What’s it like to be Florentine?
When I travel around theworld and tell people that I’m from Florence, they always say ‘Oh, how lucky you are! Florence is fantastic’. I don’t really realize that. I mean, it’s very beautiful, of course. And living here has helped me develop a real eye for beauty. But it’s not easy to live in a city like this one. The mentality is very provincial—it’s as if Florence has never really grown up. It’s weighed down by too much heritage from the past, and it refuses to become a truly modern city. Still, I’m proud to be Florentine, even if the Florentines are a bit closed and snobbish. Even I will admit to being a bit snobbish, but I’m not close-minded.
Why do you say you’re a snob?
Well, because I’m a bit selective. I’m quite a choosy person about everything in my life. I reserve the right to surround myself with people and things that I really like. This doesn’t mean that I’m an elitist, though. On a human level, I can meet a people who have no social status, and if they are intelligent and have a good mind, they’ll attract me. I love simple people. My first book was about simplicity. And everyone said, ‘How can a Gucci write a book about simplicity? What does she know about that?’ But I believe in simplicity and consider it very important. It’s essential to understand what you need in life and what you don’t.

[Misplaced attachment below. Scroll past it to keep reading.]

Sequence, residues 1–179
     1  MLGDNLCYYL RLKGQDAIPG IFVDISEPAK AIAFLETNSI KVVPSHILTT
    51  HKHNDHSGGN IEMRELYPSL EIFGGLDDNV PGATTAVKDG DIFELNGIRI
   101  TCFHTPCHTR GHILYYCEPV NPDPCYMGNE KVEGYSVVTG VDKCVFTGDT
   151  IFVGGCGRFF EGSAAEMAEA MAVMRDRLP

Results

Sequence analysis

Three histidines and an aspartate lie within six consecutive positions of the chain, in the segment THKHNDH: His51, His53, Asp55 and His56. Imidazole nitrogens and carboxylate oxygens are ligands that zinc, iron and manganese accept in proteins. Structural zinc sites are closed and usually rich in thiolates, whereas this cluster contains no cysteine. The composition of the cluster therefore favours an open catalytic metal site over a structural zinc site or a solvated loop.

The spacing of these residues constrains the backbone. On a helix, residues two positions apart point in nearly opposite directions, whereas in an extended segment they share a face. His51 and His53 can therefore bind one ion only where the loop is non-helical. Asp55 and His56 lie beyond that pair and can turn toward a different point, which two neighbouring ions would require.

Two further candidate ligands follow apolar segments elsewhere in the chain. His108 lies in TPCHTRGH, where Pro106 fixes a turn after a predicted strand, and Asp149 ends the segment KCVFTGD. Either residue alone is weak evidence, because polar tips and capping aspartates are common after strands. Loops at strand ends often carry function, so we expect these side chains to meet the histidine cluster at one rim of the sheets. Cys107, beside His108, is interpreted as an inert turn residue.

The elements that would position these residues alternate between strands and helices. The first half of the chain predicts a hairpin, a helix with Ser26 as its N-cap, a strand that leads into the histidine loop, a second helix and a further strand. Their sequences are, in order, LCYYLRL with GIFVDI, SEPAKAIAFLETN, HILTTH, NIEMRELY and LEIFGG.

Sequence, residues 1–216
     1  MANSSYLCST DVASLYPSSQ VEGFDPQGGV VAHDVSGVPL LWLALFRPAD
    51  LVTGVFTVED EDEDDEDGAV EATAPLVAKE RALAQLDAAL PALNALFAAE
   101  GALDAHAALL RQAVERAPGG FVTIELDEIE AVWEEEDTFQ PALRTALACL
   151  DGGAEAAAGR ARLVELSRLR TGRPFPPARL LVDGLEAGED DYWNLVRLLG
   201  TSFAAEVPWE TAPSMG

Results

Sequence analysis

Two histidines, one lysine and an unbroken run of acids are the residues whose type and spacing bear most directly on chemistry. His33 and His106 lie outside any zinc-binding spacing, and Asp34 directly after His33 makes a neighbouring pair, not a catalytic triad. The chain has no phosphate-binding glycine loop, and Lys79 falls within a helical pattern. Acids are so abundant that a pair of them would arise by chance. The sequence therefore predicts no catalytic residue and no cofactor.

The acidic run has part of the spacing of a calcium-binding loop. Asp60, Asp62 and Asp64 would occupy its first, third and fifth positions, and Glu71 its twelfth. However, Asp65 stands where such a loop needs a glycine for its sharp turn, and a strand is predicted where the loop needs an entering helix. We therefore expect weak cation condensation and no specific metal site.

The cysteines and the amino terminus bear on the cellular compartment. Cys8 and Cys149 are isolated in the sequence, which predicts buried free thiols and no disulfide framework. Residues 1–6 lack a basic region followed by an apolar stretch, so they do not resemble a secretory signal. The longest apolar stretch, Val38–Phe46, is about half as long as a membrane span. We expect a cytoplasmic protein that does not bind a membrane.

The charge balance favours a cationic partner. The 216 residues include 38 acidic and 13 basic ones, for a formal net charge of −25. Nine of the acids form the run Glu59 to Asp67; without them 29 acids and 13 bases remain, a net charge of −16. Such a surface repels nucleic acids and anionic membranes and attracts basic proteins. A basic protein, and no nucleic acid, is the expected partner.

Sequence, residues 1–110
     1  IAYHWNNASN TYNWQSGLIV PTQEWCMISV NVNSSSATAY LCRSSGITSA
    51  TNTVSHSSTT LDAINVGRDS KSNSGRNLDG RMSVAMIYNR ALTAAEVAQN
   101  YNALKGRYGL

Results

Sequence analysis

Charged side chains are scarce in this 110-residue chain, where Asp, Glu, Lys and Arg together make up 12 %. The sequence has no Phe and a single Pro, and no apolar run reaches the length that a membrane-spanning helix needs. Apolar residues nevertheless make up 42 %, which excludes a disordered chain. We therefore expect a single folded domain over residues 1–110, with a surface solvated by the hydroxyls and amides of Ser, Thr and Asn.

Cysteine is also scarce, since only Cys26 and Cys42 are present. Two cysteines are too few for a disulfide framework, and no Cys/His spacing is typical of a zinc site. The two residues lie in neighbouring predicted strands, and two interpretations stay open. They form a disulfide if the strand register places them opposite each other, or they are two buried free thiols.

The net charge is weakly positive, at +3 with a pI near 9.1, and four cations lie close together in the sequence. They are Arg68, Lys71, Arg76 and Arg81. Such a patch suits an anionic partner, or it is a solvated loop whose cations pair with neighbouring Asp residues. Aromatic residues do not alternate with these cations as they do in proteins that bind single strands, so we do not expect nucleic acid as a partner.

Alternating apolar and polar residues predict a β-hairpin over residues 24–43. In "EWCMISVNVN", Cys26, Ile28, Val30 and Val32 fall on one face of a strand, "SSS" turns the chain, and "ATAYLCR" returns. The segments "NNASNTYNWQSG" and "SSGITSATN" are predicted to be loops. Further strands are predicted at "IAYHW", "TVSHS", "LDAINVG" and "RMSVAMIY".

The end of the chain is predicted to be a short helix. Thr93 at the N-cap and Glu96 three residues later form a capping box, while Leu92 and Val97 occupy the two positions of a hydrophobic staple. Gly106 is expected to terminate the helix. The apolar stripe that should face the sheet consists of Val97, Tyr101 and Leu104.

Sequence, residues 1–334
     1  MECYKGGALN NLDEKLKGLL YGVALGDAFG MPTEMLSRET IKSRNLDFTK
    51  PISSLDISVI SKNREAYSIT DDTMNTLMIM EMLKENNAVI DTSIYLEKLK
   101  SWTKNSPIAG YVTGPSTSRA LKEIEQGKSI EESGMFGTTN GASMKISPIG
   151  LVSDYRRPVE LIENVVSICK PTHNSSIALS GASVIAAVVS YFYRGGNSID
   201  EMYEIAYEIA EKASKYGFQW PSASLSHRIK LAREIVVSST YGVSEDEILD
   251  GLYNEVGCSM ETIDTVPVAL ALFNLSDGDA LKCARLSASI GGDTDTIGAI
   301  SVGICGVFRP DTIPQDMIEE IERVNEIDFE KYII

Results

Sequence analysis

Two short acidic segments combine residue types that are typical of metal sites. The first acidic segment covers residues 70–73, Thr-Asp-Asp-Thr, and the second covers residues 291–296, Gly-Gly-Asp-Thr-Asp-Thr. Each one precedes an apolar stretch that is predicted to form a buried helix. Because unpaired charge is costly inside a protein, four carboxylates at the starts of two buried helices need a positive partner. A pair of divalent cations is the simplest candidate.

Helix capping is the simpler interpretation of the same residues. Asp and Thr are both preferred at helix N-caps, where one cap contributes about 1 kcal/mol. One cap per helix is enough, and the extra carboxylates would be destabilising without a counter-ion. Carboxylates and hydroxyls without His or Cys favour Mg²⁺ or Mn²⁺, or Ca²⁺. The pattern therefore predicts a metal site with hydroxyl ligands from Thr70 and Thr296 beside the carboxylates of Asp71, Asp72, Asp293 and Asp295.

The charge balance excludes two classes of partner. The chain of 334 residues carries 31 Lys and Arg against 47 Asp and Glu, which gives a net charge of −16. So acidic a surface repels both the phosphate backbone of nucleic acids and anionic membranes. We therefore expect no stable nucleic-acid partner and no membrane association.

If you were to describe Florence as a person, what would you say?
Florence wears a refined, beautiful coat. Cashmere—not fur, because I’m an animal right’s activist! Florence’s coat is very elegant, but underneath she’s a bit shabbily dressed. She needs to be better cared for. Florence has a difficult, closed character, but she has a lot of talent. She should express herself more.